Congressman Peter DeFazio has represented Oregon’s 4th Congressional District since 1987. A US Air Force veteran who has worked as a gerontologist in his professional life, DeFazio has developed a reputation for standing up against corporate interests and for personal integrity. He voted against both NAFTA and GATT, and has refused to accept pay raises while the government is in deficit spending. He has linked his take-home pay to Social Security cost-of-living adjustments, and has donated the rest, $320,000 all told, to reducing the national debt and funding scholarships at five southwestern Oregon community colleges. DeFazio has recently been under attack by the Astroturf front group “Concerned Citizens of America.” On Friday, he went to the group’s Washington DC headquarters in an effort to determine exactly who has been funding those attacks in an attempt to buy his Republican opponent a seat in Congress. 

Graham E. Fuller is a former vice chairman of the National Intelligence Council at the CIA. He also served as the CIA’s Kabul station chief and as a senior political scientist at RAND. Currently an adjunct professor of history at Simon Fraser University, he has lived and worked in the Muslim world for nearly two decades and is the author of numerous books about the Middle East, including The Future of Political Islam and most recently A World Without Islam. He will be speaking at the Los Angeles Public Library downtown tomorrow, Tuesday, at 7:00 PM.

Background Briefing - Sunday September 26, 2010

Avraham Burg is the son of holocaust survivors and has been active in politics as a leader in the Israeli Labor Party and the One Israel party. He was Speaker of the Knesset from 1999 to 2003. Several of his books have been best-sellers in Hebrew, and he is the author of the English-language book, The Holocaust is Over; We Must Rise From Its Ashes.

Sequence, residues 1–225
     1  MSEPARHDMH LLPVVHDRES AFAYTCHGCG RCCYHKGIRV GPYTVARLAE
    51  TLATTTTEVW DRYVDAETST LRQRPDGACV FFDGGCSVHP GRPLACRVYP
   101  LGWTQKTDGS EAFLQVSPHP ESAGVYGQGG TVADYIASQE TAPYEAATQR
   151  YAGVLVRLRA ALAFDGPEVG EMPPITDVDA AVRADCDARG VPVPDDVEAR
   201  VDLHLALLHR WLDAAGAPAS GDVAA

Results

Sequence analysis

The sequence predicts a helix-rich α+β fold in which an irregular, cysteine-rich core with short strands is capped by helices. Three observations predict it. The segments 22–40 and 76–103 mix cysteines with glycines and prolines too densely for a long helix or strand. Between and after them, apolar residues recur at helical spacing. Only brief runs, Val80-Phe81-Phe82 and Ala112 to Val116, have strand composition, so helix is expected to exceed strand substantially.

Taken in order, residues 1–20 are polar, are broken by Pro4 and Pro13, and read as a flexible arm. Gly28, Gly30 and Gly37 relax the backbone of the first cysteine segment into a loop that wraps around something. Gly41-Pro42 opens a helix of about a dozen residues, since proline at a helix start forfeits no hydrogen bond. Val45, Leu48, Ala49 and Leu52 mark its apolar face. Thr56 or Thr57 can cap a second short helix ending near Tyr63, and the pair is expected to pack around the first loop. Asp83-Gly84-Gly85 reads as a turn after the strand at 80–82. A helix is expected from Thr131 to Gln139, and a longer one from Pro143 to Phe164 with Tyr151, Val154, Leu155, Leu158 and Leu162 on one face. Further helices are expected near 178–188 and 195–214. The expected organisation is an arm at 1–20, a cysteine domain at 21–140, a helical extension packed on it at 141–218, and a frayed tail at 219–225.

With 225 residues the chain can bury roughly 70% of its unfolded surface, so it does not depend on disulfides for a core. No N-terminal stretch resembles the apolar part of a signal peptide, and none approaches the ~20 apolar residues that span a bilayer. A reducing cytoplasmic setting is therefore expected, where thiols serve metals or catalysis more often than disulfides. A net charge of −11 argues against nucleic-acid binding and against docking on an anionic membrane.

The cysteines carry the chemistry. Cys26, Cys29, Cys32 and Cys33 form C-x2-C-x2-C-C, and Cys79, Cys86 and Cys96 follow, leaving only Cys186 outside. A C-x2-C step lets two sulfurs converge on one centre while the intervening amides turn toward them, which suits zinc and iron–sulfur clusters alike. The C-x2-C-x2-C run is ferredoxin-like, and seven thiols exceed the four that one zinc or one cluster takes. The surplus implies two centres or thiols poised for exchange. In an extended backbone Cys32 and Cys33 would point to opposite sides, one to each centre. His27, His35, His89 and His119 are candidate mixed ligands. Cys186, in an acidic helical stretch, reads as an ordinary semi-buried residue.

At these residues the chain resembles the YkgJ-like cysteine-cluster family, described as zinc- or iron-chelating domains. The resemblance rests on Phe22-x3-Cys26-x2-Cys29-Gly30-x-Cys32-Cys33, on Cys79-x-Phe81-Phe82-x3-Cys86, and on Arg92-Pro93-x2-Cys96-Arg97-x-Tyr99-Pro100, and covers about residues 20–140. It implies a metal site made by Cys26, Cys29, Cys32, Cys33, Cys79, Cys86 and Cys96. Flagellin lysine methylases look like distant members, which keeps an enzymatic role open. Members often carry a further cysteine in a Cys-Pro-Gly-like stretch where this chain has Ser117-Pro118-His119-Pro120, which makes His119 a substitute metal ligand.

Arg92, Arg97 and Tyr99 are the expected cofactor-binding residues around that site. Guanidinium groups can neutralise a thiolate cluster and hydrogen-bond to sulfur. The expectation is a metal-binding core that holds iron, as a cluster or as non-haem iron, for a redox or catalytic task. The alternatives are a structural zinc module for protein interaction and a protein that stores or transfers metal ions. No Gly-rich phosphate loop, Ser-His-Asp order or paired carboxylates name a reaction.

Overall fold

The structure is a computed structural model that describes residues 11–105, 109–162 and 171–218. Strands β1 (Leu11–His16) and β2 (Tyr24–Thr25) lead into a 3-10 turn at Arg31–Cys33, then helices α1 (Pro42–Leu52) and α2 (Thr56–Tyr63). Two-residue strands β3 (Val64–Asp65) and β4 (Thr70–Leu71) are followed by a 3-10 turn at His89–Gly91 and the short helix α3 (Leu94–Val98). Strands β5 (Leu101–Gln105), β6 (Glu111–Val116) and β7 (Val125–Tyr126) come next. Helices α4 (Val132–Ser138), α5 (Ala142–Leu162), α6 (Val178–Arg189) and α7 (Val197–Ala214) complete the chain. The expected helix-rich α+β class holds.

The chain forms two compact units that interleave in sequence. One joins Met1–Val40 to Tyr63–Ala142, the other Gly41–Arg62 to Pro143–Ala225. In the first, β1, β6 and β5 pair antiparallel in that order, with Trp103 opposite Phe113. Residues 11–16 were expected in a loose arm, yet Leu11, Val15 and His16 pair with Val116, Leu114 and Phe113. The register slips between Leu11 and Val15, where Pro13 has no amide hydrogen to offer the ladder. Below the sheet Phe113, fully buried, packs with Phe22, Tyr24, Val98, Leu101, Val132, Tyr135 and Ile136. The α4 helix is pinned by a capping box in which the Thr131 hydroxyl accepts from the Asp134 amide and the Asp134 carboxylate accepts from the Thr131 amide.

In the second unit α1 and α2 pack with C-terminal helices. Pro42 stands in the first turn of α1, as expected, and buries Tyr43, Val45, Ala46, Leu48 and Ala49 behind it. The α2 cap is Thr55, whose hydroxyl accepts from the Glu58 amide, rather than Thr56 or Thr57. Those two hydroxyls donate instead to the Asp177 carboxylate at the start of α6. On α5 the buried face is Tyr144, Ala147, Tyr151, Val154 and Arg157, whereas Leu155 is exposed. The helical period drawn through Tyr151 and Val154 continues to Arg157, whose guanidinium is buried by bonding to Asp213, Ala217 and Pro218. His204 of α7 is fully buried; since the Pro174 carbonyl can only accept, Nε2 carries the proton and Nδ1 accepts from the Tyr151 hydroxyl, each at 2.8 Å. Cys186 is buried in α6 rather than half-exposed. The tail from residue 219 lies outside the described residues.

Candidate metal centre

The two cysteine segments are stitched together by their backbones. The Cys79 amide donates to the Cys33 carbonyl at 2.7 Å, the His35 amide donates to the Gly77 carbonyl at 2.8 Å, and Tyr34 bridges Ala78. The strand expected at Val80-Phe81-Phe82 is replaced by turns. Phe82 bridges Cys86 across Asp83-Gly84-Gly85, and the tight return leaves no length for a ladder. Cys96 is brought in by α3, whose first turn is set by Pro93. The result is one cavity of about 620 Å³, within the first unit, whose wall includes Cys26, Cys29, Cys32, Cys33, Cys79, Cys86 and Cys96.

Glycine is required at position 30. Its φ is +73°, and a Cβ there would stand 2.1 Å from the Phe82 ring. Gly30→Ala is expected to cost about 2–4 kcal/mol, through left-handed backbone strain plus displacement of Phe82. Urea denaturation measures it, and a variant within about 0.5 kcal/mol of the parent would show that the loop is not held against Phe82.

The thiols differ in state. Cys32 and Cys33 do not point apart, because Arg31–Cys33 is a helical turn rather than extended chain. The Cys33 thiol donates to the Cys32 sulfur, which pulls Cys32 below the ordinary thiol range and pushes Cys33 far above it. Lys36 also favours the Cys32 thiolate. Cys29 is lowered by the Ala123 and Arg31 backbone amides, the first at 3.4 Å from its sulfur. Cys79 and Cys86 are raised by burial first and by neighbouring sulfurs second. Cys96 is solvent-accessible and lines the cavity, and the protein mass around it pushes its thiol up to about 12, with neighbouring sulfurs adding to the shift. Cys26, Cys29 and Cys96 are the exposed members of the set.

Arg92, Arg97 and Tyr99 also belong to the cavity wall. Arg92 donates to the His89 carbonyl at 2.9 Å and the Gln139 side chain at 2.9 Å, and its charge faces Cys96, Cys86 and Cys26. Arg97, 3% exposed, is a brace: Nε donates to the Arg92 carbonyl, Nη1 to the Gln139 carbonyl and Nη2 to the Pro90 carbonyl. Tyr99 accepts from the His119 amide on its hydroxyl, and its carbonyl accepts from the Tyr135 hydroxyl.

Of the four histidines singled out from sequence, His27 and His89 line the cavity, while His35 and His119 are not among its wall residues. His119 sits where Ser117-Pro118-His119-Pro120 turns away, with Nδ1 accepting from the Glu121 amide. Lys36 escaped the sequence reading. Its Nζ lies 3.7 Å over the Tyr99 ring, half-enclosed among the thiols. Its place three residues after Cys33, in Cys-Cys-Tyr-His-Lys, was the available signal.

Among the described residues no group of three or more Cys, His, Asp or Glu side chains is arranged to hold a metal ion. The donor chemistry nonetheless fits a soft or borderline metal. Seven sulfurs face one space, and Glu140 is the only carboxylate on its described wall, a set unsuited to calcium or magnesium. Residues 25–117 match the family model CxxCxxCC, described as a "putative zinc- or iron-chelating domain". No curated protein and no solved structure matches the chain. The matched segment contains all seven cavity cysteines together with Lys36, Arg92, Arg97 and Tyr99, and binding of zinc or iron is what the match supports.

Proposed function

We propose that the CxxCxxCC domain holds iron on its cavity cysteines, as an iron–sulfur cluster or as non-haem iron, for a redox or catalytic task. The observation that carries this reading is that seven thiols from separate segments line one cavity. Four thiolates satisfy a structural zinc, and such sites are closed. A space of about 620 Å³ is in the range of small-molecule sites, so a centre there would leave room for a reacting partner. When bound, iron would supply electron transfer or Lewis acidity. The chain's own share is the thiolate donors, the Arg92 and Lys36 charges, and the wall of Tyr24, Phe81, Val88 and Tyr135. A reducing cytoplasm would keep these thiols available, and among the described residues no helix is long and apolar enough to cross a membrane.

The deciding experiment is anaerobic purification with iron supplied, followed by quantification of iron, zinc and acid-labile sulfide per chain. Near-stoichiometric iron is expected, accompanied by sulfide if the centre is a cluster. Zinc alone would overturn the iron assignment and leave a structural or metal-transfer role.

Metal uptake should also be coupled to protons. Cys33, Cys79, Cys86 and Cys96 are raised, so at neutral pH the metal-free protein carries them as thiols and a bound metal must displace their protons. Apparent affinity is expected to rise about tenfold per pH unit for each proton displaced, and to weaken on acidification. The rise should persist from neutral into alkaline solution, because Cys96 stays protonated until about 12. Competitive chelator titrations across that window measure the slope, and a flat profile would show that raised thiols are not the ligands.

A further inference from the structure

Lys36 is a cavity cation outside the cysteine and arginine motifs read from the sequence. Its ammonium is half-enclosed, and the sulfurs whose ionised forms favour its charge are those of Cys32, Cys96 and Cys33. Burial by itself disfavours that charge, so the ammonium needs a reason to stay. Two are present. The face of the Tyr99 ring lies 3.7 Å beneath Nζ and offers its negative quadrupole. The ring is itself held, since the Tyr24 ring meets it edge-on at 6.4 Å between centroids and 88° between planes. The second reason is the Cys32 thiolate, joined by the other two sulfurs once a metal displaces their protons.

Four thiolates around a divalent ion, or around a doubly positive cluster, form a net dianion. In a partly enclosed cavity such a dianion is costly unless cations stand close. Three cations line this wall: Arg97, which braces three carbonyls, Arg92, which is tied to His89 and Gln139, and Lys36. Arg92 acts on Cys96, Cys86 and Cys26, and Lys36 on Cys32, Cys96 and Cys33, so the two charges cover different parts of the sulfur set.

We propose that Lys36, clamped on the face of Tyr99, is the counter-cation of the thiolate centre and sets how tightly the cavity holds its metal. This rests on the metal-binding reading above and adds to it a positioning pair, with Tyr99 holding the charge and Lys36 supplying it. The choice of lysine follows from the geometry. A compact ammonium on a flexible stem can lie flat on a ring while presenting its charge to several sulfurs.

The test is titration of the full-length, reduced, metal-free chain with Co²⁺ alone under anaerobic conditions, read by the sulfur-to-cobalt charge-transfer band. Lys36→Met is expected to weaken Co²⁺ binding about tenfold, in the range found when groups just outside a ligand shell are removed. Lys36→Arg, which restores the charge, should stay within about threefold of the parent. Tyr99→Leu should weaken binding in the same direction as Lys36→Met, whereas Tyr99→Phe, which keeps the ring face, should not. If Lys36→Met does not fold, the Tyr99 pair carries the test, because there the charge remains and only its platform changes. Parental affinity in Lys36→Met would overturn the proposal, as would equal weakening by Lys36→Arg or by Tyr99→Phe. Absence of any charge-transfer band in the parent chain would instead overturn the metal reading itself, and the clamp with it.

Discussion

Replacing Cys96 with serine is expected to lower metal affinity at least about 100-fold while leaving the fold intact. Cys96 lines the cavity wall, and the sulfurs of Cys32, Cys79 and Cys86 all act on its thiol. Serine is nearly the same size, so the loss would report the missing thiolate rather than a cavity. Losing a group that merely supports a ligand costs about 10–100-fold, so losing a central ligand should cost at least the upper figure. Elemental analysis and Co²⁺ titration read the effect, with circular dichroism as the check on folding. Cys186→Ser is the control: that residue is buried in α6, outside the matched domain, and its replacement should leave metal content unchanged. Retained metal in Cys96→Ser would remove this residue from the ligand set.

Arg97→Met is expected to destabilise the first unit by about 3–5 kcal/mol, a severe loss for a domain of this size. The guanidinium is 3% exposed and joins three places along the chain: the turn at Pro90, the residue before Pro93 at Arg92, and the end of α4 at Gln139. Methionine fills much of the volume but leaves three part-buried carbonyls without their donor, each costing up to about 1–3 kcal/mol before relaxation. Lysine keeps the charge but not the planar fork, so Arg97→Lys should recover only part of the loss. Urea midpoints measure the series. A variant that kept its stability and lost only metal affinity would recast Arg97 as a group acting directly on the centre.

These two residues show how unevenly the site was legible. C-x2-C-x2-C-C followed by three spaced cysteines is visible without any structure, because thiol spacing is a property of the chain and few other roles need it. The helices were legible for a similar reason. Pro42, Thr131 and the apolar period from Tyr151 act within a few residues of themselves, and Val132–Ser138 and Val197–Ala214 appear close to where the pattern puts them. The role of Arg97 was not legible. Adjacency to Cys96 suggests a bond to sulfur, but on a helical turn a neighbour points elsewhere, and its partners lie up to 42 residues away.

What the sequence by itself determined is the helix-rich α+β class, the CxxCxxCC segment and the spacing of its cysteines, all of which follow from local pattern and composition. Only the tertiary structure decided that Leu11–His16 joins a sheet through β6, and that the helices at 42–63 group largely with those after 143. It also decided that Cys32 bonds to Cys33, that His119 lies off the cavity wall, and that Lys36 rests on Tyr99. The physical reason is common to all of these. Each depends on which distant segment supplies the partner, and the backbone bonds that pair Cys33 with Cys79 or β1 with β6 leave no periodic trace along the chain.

Thomas Barfield is a professor of Anthropology at Boston University where he directs the Institute for the Study of Muslim Societies and Civilizations. He is also President of the American Institute of Afghanistan Studies. Dr. Barfield conducted extensive ethnographic fieldwork in northern Afghanistan in the mid-1970s as well as shorter periods of research in Xinjiang, China, and post-Soviet Uzbekistan. He is author of The Central Asian Arabs of Afghanistan, The Perilous Frontier: Nomadic Empires and China, and is co-author of Afghanistan: An Atlas of Indigenous Domestic Architecture. His book, Afghanistan: A Cultural and Political History, came out earlier this year, and he has just returned from Afghanistan.

Jonathan Taplin is a Professor at the Annenberg School for Communication at the University of Southern California where he specializes in international communication management and digital media entertainment. Taplin began his entertainment career in 1969 as Tour Manager for Bob Dylan and The Band. In 1973 he produced Martin Scorsese’s first feature film, Mean Streets. He went on to produce television documentaries, including The Prize and Cadillac Desert for PBS, and twelve feature films including The Last Waltz, Under Fire, To Die For. Taplin was a founder, Chairman, and CEO of Intertainer, the pioneer video-on-demand company for both cable and broadband Internet markets, and he holds two patents for video on demand technologies. He blogs at Jontaplin.com. Call: 212-759-4100 rm 1101